What would Walt do?

By , Staff writer of The Christian Science Monitor

Elea Nit, a full-time mother of two, sorts through a pile of Princess T-shirts in a Disney Store here, apparently dissatisfied.

"I hear they're closing a bunch of these stores," she says, "I'm not surprised.... The prices are much higher than they need to be," she says, picking up a stuffed Pooh bear.

She might easily be reciting from Roy Disney's letter of resignation. He and two other Disney board members stepped down this week, amid a swirl of publicity, charging that the Magic Kingdom is being mismanaged.

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Ms. Nit, a US-born Israeli, points at the piles of Princess merchandise, a line of products based on classic Disney heroines. "They're just running the old stuff into the ground," she says. Motioning to a pile of "Lilo and Stitch" dolls, she adds, "when they try something new, it's just awful. Who wants to see such a crazy, mean creature?"

Charges that the Disney company has lost its way under current company head Michael Eisner are not new. But the departure of the final Disney family member from the fabled company has thrown the charges into a new relief. "Clearly there has been an emotional attachment to the Disney name in our culture for a long time," says George Geis, associate dean at the UCLA Anderson School of Management. "The fact that the only son of the company's cofounder is departing and with such acrimony, is bringing the company to a level of attention that it wouldn't have ordinarily had."

One of the ironies of the current dispute, say some pundits, is that Roy Disney helped bring Mr. Eisner on board back in 1984. In Eisner's early days, the company enjoyed what most analysts consider a renaissance in its core business of animated feature films, leading to the first ever Best Picture nomination for an animated film, 1991's "Beauty and the Beast."

Since then, the economy has nosedived and Disney's core animation and theme-park businesses have been battered by the competition. Mr. Disney and his fellow departing board members charge that the company is pushing profits over innovation and quality. They point to the numerous straight-to-video sequels of Disney's classic titles such as "Cinderella" and "Aladdin." Even one of the company's recent bright spots, this summer's hit "Pirates of the Caribbean," is based on an old Disneyland ride. Two other attempts to turn dated theme-park attractions into movies, "Country Bears" and the current "Haunted Mansion," have either tanked or been savaged by critics.

But more critical to the company's future, says Mr. Geis is the image the company has in the public mind. Disney has lost the special place it once had. "Typically, when people looked at the studios in Hollywood," he says, "they put Disney in a class by itself." That image has taken a beating by everything from fatal accidents at both Disneyland and Disney World to the current flap over Disney's association with the foul-mouthed holiday film "Bad Santa" and the ultra-violent "Kill Bill," both of which were produced by Disney-owned Miramax.

The public's attachment to the old Disney name has changed to such a degree in the past five years, adds Geis, "that the special pixie dust is no longer [there]."

Disney's board of directors has closed ranks around Eisner, defending its decision to retain him as CEO, pointing to the rising stock price, among other bright spots, such as their current relationship with Pixar Animation, which created the No. 1 film of the year, "Finding Nemo." Other observers suggest that Disney is suffering from its own desire to be special.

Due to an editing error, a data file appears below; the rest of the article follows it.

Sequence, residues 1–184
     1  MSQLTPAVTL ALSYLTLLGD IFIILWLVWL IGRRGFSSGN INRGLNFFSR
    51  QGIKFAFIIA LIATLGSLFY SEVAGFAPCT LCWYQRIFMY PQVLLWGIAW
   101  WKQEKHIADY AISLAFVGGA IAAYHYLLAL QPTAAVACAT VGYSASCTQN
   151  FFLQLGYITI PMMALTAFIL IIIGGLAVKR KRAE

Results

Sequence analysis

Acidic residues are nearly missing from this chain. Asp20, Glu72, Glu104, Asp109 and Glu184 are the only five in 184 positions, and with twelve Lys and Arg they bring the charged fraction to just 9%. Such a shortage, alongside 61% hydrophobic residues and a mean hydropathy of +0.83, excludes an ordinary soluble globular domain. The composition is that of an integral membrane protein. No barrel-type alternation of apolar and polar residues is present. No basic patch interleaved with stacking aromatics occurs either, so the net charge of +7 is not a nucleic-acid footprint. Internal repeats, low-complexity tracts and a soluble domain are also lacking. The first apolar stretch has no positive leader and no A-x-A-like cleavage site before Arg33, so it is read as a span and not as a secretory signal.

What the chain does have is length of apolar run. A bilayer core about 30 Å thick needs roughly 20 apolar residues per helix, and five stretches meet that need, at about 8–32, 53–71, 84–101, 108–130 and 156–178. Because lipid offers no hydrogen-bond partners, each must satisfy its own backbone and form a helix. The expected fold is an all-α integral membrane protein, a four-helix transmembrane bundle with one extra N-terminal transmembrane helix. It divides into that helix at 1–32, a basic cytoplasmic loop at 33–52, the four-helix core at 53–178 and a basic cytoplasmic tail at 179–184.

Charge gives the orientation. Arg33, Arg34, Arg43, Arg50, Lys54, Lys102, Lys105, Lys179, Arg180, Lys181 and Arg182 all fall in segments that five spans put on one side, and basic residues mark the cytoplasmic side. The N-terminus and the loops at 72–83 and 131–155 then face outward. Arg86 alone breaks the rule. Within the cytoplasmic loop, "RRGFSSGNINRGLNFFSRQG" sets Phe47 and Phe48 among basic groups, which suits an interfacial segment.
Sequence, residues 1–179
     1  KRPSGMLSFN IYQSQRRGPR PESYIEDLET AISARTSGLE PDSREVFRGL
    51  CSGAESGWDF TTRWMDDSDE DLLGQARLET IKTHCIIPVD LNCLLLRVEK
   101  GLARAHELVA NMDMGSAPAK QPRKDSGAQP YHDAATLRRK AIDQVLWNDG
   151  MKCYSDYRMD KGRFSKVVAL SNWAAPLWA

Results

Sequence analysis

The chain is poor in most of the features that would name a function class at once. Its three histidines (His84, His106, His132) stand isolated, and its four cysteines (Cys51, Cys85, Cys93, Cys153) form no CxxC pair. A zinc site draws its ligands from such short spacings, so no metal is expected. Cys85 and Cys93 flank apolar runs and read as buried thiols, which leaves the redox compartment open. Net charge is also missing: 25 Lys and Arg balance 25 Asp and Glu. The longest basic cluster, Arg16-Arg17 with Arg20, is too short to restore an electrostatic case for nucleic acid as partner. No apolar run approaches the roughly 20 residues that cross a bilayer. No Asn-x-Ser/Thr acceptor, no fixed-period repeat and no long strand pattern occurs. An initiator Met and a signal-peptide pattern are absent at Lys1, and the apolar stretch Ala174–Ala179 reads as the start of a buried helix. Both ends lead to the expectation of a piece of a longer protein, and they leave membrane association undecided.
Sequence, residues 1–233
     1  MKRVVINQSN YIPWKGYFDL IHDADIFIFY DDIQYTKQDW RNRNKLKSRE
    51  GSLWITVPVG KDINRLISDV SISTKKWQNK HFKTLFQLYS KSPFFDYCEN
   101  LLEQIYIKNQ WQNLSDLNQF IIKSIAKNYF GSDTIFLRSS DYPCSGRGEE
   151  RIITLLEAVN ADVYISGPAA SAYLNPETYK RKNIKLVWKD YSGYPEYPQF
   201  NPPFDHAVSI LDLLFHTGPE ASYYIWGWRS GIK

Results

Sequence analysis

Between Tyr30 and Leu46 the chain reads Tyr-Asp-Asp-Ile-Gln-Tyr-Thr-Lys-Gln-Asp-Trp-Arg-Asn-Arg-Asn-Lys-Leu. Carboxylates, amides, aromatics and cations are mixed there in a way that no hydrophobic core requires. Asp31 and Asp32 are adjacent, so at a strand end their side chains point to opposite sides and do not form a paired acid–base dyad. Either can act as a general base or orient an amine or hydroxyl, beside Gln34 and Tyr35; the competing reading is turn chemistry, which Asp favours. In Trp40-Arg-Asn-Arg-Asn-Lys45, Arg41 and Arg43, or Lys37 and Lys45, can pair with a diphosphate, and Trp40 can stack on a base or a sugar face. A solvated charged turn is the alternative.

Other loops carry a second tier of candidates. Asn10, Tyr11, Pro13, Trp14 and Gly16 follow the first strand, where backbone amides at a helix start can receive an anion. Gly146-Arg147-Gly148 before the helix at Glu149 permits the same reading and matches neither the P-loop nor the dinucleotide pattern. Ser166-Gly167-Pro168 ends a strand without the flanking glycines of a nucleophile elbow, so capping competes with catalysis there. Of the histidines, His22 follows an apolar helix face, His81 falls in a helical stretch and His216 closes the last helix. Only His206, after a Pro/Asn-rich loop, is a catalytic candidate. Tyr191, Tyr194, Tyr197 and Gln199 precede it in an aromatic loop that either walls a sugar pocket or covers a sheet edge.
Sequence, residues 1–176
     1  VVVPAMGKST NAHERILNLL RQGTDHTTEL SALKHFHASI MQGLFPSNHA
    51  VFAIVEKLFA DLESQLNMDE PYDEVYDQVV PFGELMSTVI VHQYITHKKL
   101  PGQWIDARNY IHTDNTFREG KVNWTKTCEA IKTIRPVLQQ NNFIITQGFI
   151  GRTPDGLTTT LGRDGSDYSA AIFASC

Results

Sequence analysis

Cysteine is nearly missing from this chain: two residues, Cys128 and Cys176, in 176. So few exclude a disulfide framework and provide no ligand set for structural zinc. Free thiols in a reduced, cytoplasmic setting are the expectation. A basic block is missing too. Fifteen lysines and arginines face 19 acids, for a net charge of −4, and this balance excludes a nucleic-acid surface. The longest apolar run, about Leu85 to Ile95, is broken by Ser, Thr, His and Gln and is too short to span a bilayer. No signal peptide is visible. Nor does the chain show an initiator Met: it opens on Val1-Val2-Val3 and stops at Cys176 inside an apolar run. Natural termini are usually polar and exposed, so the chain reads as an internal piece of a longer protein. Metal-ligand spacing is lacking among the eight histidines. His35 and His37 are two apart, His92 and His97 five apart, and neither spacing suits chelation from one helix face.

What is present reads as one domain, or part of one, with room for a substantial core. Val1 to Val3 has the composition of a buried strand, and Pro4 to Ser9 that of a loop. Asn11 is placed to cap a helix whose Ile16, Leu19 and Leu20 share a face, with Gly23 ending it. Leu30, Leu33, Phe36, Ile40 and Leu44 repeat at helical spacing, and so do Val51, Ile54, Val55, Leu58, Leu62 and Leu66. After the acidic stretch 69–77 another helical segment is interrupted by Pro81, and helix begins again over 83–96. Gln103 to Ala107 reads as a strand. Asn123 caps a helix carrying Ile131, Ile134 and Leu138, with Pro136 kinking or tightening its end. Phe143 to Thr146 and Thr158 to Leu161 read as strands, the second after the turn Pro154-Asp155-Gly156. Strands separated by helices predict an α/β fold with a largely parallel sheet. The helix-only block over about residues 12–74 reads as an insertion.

"I've watched Eisner for years and years," says Sam Hill, president of Helios Consulting and coauthor of "The Infinite Asset: Managing Brands to Build New Value." "Any time you have cult CEOs that sort of hype up the company and hype up the brand and love the PR god, well, that's a two-edged sword.... You go up the curve quickly, you come down the curve quickly."

Perhaps more to the point, though, the challenges the company faces are inevitable, says Joel Goldhar, professor at Illinois Institute of Technology in Chicago. As it becomes a media conglomerate with vast television and cable holdings (ABC, ESPN, ABC Family, The Disney Channel), it is experiencing all the problems shared by other entertainment heavyweights.

"This is a mature industry in a saturated marketplace," says Mr. Goldhar. And today, there are plenty of companies jostling to produce family entertainment. "Disney is not unique any more. It might have held a place in people's hearts when ... the only competition was Bugs Bunny."

The Irony, say some pundits, is that a unique identity is the one thing Disney can't afford to lose. "They've positioned themselves as being in the 'magic business,' " says David Shore, director of the Trust Initiative at the Harvard School of Public Health. "When you enter the Disney compound, there's a sign that says 'Welcome to 100 years of Magic.' " Mr. Shore calls this strong branding a power brand, something that consumers will pay more for, travel farther to see, and wait longer to experience, because their expectations are high. Fundamentally, he says, "Disney is not in the attractions or the movie business, they're in the trust business. Trust, not the dollar or the euro, is the currency of all commerce." Unfortunately, he adds, "there's been erosion of that trust."

Some might say consumers have become downright cynical about the Disney allure. Elea calls her 3-year-old daughter, Chinar, and explains what they're doing in the store. "I let her play here for a little bit while I rest from shopping in the mall. But we don't buy, we just rest. She likes the store, but she's just 3 years old," says the weary mother with a smile, "What does she know?"

Staff writer Clayton Collins contributed to this report.

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